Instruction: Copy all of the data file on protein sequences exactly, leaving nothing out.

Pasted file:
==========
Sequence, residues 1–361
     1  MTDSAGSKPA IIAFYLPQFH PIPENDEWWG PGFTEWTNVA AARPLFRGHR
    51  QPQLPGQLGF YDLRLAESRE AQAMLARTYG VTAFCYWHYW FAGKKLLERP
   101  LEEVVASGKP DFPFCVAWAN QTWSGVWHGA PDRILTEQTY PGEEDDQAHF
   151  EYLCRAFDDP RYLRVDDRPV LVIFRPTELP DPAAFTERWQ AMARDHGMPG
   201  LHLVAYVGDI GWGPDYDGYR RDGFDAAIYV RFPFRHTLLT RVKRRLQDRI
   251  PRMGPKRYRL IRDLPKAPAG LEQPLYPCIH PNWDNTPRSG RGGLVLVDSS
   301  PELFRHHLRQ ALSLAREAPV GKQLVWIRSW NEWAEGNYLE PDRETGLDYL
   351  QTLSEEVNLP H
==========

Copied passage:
Sequence, residues 1–361
     1  MTDSAGSKPA IIAFYLPQFH PIPENDEWWG PGFTEWTNVA AARPLFRGHR
    51  QPQLPGQLGF YDLRLAESRE AQAMLARTYG VTAFCYWHYW FAGKKLLERP
   101  LEEVVASGKP DFPFCVAWAN QTWSGVWHGA PDRILTEQTY PGEEDDQAHF
   151  EYLCRAFDDP RYLRVDDRPV LVIFRPTELP DPAAFTERWQ AMARDHGMPG
   201  LHLVAYVGDI GWGPDYDGYR RDGFDAAIYV RFPFRHTLLT RVKRRLQDRI
   251  PRMGPKRYRL IRDLPKAPAG LEQPLYPCIH PNWDNTPRSG RGGLVLVDSS
   301  PELFRHHLRQ ALSLAREAPV GKQLVWIRSW NEWAEGNYLE PDRETGLDYL
   351  QTLSEEVNLP H